While the researchers did find that even people who ate less healthily but still consumed some organic products tended to have lower levels of cancer, the research does not prove it is organic produce that is providing this benefit. Rather, it demonstrates that people who are diet-conscious enough to have chosen organic over non-organic appear to be ahead of the game in terms of cancer prevention.

That’s not such a shocker. We know that these kinds of habits rarely happen in a vacuum, so it’s likely that people who choose organic are more conscious of their overall health and are taking steps—like eating a wide variety of fruit and veg and exercising—to maximize their well-being. Those habits definitely offer cancer protection, but that’s not necessarily the organic food itself, rather the part it might play in an overall healthy lifestyle.

That said, one other large-scale study that looked at organic food in this way found no meaningful reduction in cancer rates overall except for non-Hodgkin lymphoma. That finding means this latest research may in fact be on to something, but it does not confirm it.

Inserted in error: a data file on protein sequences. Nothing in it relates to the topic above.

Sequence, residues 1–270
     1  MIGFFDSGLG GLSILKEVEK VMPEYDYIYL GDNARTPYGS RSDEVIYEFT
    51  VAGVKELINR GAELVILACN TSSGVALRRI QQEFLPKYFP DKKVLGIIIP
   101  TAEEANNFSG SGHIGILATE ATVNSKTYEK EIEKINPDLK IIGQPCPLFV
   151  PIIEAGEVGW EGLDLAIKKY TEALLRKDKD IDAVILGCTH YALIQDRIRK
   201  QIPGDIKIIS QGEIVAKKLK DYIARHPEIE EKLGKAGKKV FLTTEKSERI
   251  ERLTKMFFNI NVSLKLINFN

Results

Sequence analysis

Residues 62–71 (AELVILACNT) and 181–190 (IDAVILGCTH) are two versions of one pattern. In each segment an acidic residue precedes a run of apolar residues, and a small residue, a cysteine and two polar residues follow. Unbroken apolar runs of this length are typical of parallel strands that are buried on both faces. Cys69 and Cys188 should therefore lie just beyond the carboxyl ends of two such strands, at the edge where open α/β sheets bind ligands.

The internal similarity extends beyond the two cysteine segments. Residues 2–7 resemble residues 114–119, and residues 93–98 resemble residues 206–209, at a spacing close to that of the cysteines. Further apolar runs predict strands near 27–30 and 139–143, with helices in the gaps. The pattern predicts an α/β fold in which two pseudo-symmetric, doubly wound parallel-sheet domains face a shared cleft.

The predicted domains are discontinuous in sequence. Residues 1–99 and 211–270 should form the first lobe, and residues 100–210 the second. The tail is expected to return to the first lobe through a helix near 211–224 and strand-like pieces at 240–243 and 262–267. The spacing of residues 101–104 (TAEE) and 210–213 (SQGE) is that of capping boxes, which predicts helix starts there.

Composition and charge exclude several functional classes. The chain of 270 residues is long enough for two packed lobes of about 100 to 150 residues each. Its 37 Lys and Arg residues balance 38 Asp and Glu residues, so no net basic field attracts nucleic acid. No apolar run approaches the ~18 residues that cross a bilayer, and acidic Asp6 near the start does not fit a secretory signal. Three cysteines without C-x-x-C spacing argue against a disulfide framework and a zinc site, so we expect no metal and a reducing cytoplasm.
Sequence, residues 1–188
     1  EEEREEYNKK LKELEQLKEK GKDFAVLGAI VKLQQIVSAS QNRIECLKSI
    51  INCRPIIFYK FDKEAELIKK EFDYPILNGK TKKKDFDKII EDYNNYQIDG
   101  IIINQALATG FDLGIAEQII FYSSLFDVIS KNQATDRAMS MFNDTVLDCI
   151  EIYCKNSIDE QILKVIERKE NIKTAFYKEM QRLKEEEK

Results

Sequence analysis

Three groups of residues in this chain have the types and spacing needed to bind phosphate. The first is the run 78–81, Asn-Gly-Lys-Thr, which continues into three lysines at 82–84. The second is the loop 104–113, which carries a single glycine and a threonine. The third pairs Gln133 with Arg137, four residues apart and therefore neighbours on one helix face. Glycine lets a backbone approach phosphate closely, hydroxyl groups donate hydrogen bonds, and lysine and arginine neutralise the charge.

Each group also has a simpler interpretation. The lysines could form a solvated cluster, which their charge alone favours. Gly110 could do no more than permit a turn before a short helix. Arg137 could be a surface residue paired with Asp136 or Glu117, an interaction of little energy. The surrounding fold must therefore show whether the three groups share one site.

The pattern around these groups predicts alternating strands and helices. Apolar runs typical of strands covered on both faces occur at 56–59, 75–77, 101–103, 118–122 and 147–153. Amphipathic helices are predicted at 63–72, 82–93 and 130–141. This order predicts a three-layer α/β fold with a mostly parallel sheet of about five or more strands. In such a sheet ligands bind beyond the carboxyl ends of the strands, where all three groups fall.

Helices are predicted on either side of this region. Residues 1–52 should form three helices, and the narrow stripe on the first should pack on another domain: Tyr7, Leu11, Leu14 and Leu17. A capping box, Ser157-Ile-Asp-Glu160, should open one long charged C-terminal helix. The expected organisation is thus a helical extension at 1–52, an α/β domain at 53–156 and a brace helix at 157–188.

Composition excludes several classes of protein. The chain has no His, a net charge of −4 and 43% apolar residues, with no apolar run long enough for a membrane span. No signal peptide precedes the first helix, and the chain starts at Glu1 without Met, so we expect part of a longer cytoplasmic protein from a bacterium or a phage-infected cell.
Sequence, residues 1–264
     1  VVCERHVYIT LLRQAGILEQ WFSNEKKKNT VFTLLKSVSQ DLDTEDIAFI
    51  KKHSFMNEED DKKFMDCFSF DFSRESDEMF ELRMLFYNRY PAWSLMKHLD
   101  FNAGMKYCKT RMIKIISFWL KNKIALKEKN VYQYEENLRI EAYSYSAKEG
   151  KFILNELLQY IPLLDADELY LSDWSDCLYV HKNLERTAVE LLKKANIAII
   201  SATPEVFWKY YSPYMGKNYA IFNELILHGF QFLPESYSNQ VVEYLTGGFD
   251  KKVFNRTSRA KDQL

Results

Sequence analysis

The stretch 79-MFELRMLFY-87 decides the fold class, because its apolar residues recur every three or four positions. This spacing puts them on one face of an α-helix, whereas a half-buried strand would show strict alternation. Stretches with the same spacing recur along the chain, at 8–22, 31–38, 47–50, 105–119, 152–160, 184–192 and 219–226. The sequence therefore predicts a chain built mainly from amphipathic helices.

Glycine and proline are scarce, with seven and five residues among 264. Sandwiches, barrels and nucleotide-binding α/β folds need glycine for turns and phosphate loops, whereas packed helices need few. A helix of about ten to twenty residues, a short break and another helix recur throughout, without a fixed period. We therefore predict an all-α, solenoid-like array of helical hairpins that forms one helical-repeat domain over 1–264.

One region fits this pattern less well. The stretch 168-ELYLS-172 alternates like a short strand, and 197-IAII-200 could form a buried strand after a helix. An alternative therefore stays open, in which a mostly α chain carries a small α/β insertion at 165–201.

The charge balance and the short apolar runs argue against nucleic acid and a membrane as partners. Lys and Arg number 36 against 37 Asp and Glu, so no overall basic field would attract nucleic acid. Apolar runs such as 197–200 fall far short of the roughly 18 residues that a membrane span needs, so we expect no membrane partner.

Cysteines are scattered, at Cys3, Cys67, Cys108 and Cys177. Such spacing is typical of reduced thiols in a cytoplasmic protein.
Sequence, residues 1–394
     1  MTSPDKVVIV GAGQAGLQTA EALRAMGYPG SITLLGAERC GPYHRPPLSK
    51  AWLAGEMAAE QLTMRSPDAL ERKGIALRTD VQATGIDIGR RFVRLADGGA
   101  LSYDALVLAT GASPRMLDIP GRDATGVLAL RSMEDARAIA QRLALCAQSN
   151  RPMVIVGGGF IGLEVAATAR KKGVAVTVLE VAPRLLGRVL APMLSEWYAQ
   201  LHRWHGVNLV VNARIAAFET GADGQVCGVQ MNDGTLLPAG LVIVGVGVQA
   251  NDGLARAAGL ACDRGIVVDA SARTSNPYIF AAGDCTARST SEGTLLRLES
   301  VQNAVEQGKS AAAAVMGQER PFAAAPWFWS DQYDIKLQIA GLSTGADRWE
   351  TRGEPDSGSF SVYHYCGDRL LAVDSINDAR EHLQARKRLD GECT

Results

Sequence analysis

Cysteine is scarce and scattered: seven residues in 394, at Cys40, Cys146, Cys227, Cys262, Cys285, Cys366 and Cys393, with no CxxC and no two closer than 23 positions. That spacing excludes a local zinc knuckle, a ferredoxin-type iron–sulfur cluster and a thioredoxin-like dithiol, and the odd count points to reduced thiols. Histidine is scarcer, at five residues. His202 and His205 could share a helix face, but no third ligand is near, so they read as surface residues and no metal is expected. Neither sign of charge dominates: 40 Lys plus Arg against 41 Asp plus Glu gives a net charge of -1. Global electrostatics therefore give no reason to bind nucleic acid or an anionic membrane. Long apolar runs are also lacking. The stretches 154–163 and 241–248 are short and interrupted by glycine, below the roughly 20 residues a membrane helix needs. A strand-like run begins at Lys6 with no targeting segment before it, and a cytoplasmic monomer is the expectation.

For argument’s sake, let’s say we were to buy in to organic food cutting cancer risk. If it does, and that is a big “if”, it’s probably not because of the nutritional profile of the food, which studies have tended to show is comparable to conventional produce. Rather, the most likely culprit would be pesticides. Even there, though, we have to be careful with our conclusions.

Testing for Pesticide Levels and How They Link to Cancer

Other research has speculated that organic produce may be better for us because, by its nature, it should shun the majority of pesticides. Research  has corroborated that people who eat organic tend to have lower levels of pesticides in their urine. But there’s a big piece of the puzzle missing here: we have yet to directly link trace elements of pesticides in our food to an increased risk of cancer.

Farming groups that support pesticides point to decades of studies that say pesticides are safe and that actual exposure for the public is low. Indeed, there is a large body of independent research to corroborate that in trace amounts pesticides and synthetic fertilizers pose no risk to human health and, crucially for our purposes, are not actively cancer-causing.